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Care of Patients with Shock

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1 Care of Patients with Shock
Chapter 39 Care of Patients with Shock

2 Shock Widespread abnormal cellular metabolism that occurs when the human need for oxygenation and tissue perfusion is not met to the level needed to maintain cell function. “Whole-body” response. Shock is a “syndrome.” Any problem that impairs oxygen delivery to tissues and organs can start the syndrome of shock and lead to a life-threatening emergency.

3 Classification of Shock by Functional Impairment
Hypovolemic shock Cardiogenic shock Distributive shock Obstructive shock

4 Classification of Shock by Origin of the Problem
Hypovolemic Cardiogenic Basogenic Septic

5 Processes of Shock Initial stage (early shock)
Nonprogressive stage (compensatory stage) Progressive stage (intermediate stage) Refractory stage (irreversible stage)

6 Review of Oxygenation and Tissue Perfusion
Total blood volume Cardiac output Size of the vascular bed

7 Hypovolemic Shock Occurs when low circulating blood volume causes a mean arterial pressure decrease; the body’s oxygen need is not met Commonly caused by hemorrhage (external or internal) and dehydration S&P

8 Cardiogenic Shock Actual heart muscle is unhealthy, and pumping is directly impaired. Myocardial infarction is the most common cause of direct pump failure.

9 Distributive Shock Blood volume is not lost but is distributed to the interstitial tissues where it cannot circulate and deliver oxygen Caused by loss of sympathetic tone, blood vessel dilation, pooling of blood in venous and capillary beds, capillary leak Neural-induced distributive shock Chemical-induced distributive shock

10 Chemical-Induced Distributive Shock
Anaphylaxis Sepsis Capillary leak syndrome

11 Obstructive Shock Caused by problems that impair the ability of the normal heart muscle to pump effectively Heart is normal, but conditions outside the heart prevent either adequate filling of the heart or adequate contraction of the healthy heart muscle Pericarditis Cardiac tamponade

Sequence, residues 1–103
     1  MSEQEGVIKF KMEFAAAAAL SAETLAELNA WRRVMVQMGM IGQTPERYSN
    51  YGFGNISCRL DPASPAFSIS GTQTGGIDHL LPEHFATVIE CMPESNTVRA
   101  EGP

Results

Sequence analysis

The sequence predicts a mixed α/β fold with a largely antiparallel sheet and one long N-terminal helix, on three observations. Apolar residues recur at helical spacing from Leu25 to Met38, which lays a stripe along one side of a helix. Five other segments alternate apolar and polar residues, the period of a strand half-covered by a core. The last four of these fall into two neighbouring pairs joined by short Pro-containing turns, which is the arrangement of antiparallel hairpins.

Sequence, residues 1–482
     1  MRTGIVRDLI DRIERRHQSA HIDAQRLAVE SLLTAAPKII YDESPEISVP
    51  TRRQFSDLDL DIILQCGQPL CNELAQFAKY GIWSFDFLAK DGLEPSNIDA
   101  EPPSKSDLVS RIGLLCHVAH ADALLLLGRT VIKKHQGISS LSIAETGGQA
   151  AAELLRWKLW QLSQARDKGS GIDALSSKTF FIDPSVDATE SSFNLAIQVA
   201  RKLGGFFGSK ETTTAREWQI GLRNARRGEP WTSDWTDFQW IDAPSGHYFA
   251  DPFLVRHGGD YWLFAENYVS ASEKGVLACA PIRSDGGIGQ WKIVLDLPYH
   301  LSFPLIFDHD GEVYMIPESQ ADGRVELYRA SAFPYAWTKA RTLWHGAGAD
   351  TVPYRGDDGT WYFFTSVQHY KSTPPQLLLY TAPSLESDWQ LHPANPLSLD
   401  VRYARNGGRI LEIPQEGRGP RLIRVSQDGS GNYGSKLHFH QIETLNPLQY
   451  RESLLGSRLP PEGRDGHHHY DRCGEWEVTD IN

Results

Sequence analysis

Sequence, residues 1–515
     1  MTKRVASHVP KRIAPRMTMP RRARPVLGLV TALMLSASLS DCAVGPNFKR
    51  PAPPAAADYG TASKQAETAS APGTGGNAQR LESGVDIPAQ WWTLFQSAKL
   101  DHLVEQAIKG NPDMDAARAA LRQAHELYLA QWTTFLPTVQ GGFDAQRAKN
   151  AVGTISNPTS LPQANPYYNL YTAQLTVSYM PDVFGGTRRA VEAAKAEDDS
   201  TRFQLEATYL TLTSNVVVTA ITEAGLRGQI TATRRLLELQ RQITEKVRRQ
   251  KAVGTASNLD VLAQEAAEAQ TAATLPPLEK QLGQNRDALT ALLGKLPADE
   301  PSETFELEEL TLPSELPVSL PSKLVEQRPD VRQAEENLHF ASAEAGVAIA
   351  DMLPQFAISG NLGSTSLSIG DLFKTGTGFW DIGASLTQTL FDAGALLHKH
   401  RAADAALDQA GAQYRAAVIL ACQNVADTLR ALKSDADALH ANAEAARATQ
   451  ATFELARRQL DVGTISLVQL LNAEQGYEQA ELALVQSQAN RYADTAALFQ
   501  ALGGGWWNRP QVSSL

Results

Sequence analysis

12 Stages of Shock Initial stage Nonprogressive stage Progressive stage
Refractory stage

13 Initial Stage of Shock Baseline MAP decreased by less than 10 mm Hg
Heart and respiratory rate increased from the baseline or a slight increase in diastolic blood pressure Adaptive responses of vascular constriction and increased heart rate

14 Nonprogressive Stage MAP decreases by 10 to 15 mm Hg.
Kidney and hormonal adaptive mechanisms activated. Tissue hypoxia in nonvital organs. Acidosis and hyperkalemia. Stopping conditions that started shock and supportive interventions can prevent shock from progressing.

15 Progressive Stage of Shock
Sustained decrease in MAP of more than 20 mm Hg from baseline. Vital organs develop hypoxia. Life-threatening emergency. Immediate interventions are needed. Conditions causing shock need to be corrected within 1 hour of the onset of the progressive stage.

16 Refractory Stage of Shock
Too much cell death and tissue damage result from too little oxygen reaching the tissues. Body can no longer respond effectively to interventions, and shock continues.

17 Multiple Organ Dysfunction Syndrome
Sequence of cell damage caused by the massive release of toxic metabolites and enzymes. Metabolites released from dead cells. Microthrombi form. MODS occurs first in the liver, heart, brain, and kidney. Myocardial depressant factor from the ischemic pancreas.

18 Health Promotion and Maintenance
Primary prevention of hypovolemic shock Secondary prevention of hypovolemic shock

19 Physical Assessment/Clinical Manifestations
Cardiovascular changes Pulse Blood pressure Oxygen saturation Skin changes Respiratory changes Renal and urinary changes Central nervous system changes Musculoskeletal changes

20 Assessment Psychosocial assessment Laboratory tests

21 Nonsurgical Management
Goals of shock management are to maintain tissue oxygenation, increase vascular volume to normal range, and support compensatory mechanisms Oxygen therapy IV therapy Drug therapy

22 Drug Therapies Vasoconstrictors, such as dopamine, epinephrine, norepinephrine, phenylephrine Agents that enhance contractility Agents that enhance myocardial perfusion

23 Sepsis and Septic Shock
Complex type of distributive shock—usually begins as a bacterial or fungal infection and progresses to a dangerous condition over a period of days Sepsis—widespread infection coupled with a more general inflammatory response, known as systemic inflammatory response syndrome (SIRS), that is triggered when an infection escapes local control

24 Severe Sepsis Progression of sepsis with an amplified inflammatory response

25 Septic Shock Stage of sepsis and SIRS when multiple organ failure is evident and uncontrolled bleeding occurs. Even with appropriate intervention, the death rate among patients in this stage of sepsis exceeds 60%.

26 Septic Shock (Cont’d) Etiology and genetic risk Incidence/prevalence
Health promotion and maintenance

27 Septic Shock: Clinical Manifestations
Cardiovascular changes Respiratory changes Skin changes Renal urinary changes Psychosocial assessment Laboratory tests

28 Septic Shock: Interventions
Oxygen therapy Drug therapy Blood replacement therapy

29 Community-Based Care Home care management Health teaching

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